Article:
Authors: Belinda Frisch
Tags: #Literature & Fiction, #Genre Fiction, #Medical, #Women's Fiction, #Contemporary Women, #Contemporary Fiction
Mick’s Tavern—a floor to ceiling green, two-room bar that smelled of fryer grease and stale beer—was an Italian’s attempt at an authentic Irish Pub with an “Every day is St. Patrick’s Day” motif.
Ross and Camille had gone to high school with the owner, Luca Stefano, who had purchased the place shortly before Ross and Sarah had left town. Ross looked around thankful Luca was nowhere to be found.
The last thing Ross needed was more pity.
“Luca’s really gone tacky with the place,” he said.
“And filthy, too, but it’s a staple, right?”
“I guess so.”
Mick’s had been the late-night spot in its heyday.
A middle-aged waitress wearing a plaid skirt and a white blouse greeted Ross and Camille at the door with, “Sit anywhere you want.” Easily twice the age of the other girls, the uniform wasn’t nearly as flattering on her. Her sour attitude indicated that maybe she knew it.
Camille surveyed the room and settled on a booth near the corner where the table was still wet. “At least it’s wiped down,” she said, sitting across from Ross and opening the beer menu.
Ross, who had narrowly escaped a bachelor’s spaghetti dinner, went straight for the food. He settled on ordering Shepherd’s pie and set the sticky menu on the table next to his vibrating phone.
“You need to take that?” Camille asked.
It was Mattie again.
“It can wait,” he said, sliding the phone into his pocket. “How have you been?”
“Good. Well, not
, but okay. It is the craziest coincidence running in to you. I had heard … I mean, people were saying …”
Ross lifted his eyebrows. “What’s the rumor?”
“That you’re holed up like some kind of crazy hermit halfway across the country.”
“I don’t think it’s quite halfway.”
“And the rest?” Camille said.
“I’d say hermit is fairly accurate.”
“That’s a shame. Sarah wouldn’t want that. You know that, don’t you?” Camille set her hand on his, making him instantly uncomfortable. If he was reading her right, it had been a long time since anyone had touched her—romantically. “You were a great husband, Ross. Everyone knows how much you loved Sarah.”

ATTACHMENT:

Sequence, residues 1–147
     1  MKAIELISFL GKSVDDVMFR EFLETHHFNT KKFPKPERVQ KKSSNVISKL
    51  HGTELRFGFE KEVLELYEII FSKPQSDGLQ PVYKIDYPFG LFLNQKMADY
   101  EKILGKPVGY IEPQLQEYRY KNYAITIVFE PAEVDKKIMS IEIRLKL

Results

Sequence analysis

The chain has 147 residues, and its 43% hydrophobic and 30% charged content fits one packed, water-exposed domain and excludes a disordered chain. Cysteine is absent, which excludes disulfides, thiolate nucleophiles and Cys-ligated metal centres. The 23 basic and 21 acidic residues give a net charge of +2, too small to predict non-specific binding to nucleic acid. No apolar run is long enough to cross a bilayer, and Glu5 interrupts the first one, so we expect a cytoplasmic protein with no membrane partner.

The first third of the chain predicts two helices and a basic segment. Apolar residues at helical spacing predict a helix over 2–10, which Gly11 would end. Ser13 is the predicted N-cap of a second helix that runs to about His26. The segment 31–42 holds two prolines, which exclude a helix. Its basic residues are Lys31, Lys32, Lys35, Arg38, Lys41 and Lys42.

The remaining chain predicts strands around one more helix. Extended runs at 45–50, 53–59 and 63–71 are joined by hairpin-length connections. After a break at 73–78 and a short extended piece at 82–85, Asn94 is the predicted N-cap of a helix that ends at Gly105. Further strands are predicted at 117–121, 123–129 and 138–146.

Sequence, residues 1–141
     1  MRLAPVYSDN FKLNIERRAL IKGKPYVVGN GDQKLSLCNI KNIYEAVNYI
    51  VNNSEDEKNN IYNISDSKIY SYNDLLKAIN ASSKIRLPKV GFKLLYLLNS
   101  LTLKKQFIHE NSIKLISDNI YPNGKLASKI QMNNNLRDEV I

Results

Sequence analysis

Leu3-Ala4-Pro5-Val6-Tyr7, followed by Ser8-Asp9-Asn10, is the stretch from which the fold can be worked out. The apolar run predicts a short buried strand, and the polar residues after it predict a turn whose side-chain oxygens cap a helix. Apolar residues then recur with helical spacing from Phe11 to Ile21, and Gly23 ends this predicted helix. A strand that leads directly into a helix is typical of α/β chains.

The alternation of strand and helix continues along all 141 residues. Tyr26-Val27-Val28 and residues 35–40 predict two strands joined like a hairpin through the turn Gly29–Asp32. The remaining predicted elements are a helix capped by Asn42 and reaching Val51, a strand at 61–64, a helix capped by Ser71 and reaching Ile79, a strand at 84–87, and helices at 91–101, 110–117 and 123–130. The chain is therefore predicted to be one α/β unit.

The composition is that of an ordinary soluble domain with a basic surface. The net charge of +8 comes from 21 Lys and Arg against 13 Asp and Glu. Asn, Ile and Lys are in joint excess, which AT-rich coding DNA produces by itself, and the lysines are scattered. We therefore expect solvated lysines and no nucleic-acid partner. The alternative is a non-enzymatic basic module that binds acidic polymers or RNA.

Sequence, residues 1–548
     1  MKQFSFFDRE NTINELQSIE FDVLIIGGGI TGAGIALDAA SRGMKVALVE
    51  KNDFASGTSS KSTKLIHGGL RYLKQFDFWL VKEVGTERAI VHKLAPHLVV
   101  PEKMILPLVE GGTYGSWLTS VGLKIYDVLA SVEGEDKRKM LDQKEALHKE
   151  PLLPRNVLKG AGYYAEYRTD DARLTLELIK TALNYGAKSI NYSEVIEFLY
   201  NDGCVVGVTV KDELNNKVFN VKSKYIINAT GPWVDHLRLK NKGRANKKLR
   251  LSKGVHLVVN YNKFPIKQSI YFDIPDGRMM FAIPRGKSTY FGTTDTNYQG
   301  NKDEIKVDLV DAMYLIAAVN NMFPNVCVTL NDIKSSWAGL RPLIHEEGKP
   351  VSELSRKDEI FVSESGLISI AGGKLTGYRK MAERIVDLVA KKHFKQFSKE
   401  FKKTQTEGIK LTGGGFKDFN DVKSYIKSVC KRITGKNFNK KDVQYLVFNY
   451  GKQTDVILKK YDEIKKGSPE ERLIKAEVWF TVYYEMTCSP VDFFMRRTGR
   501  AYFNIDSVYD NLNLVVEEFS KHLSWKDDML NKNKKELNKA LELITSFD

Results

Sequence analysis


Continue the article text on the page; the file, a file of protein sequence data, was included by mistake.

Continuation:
, Ross thought, seeing no reason to put his current emotion in the past tense. “It’s been a rough five years.”
“I know something that will make it better.” Camille raised her hand to call over the waitress.
Fortunately one of the younger ones answered.
Ross’s stomach bottomed out as he waited for her suggestion.
“Two Guinnesses, please,” Camille said. “That’s okay with you, right?”
“Sure.” Ross wasn’t a beer man, per se, but it seemed a solid order given the location.
“And a basket of sweet potato fries with Melba sauce,” Camille added.
The waitress scratched down the order and left without a word.
“She seem strange to you?” Ross asked.
“Strange? Maybe. She’s quiet, but cute, right?”
“I guess.” The girl had an athletic build, lean and not at all doughy like the over-forty crowd. Her crimson curls contrasted her milky complexion and she was the perfect mix of natural and made-up. Easily the best looking girl in the bar, Ross wasn’t about to admit he’d noticed to Camille who was about as subtle as a Mack truck.
“Are you seeing anyone?”
It took less time than Ross expected for her to ask.
“On and off. Nothing serious.”
“Hard for a girl to date a hermit, right?” Camille smirked.
The waitress set down a frosted pint of beer in front of each of them and placed a basket of greasy fries with dipping sauce in the middle of the table. “Can I get you anything else?” she said, her voice quiet in the loud surroundings.
“No, thank you. We’re all set.” The waitress walked away and Camille dipped a fry in the steaming purple goo. “Remember Sarah’s twenty-first birthday?”
Ross nodded, thankful the waitress’s interruption had Camille changing the subject. “Cosmopolitans,” he said, that night being summed up easily in one word. He had never been one for a pink drink, but Sarah, who had never had a drink in her life, saw a woman at the bar ordering one. The four of them, including Camille’s now ex-husband Adrian, spent the night drinking Cosmos of their own. Three drinks later, Sarah was fall down drunk.
“She couldn’t hold her liquor,” Camille said.
“That never changed.”
Ross had seen Sarah through her share of hangovers. Eventually she had learned her lesson, drinking less and less at social events.
“I hate that the move to Chicago put a wedge between us,” Camille said. “It was like Sarah had another lifetime I wasn’t part of.”
“We intended to keep in touch, but you know how things go. First my mom got sick and then Sarah.”
“I miss her,” Camille said. “I miss having her to talk to.” Camille started to tear up and Ross handed her a napkin. “I think a lot about the time we all spent together before you two moved away. Those were the best days of my life. Today, when I saw you at the grocery store, I thought I was hallucinating. Five years is a long time and for you to come back ….”